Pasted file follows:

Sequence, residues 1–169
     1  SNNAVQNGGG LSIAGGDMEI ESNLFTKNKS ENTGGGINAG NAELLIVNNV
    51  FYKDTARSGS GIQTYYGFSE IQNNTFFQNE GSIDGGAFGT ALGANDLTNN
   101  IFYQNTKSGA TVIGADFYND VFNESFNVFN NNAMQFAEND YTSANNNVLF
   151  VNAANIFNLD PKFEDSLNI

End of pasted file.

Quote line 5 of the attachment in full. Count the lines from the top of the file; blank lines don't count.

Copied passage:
   151  VNAANIFNLD PKFEDSLNI